(c) Nor is the legality of the District's property-based voting scheme affected by the fact that, as one of the largest suppliers of electric power in the State, it meets most of its capital and operating costs by the selling of such power. The provision of electricity is not, in itself, the sort of general or important governmental function that would make the government provider subject to the Reynolds doctrine. And, in any event, the District's electric power functions are only incidental to, and thus cannot change the character of, its water functions. Pp. 368-370.
(d) And the District's functions bear a disproportionate relationship to the specific class of people whom the system makes eligible to vote. Voting landowners are the only residents of the District whose lands are subject to liens to secure District bonds, who are subject to the District's acreage-based taxing power, and who committed capital to the District. Pp. 370-371.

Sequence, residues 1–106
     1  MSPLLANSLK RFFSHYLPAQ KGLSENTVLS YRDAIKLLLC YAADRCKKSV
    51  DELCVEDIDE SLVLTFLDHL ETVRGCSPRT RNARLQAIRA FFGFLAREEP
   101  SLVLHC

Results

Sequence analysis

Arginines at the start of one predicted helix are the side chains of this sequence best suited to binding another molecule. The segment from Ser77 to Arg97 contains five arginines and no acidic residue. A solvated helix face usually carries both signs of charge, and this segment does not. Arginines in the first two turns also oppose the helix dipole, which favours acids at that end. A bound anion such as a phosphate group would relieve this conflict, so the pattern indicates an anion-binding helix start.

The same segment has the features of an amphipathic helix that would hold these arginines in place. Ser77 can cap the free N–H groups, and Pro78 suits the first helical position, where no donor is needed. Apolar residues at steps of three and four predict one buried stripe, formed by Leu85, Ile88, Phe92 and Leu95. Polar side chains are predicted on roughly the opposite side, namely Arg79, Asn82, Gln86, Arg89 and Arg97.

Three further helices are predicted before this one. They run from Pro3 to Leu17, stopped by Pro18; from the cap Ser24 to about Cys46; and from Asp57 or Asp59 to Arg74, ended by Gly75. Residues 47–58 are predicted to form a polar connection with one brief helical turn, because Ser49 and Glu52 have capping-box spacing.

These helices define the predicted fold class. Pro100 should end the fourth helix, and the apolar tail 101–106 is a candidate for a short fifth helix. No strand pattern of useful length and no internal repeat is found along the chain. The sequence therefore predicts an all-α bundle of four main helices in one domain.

613 F.2d 180, reversed and remanded.
STEWART, J., delivered the opinion of the Court, in which BURGER, C.J., and POWELL, REHNQUIST, and STEVENS, JJ., joined. POWELL, J., filed a concurring opinion, post, p. 372. WHITE, J., filed a dissenting opinion, in which BRENNAN, MARSHALL, and BLACKMUN, JJ., joined, post, p. 374.
STEWART, J., lead opinion
[101 S.Ct. 1814] JUSTICE STEWART delivered the opinion of the Court.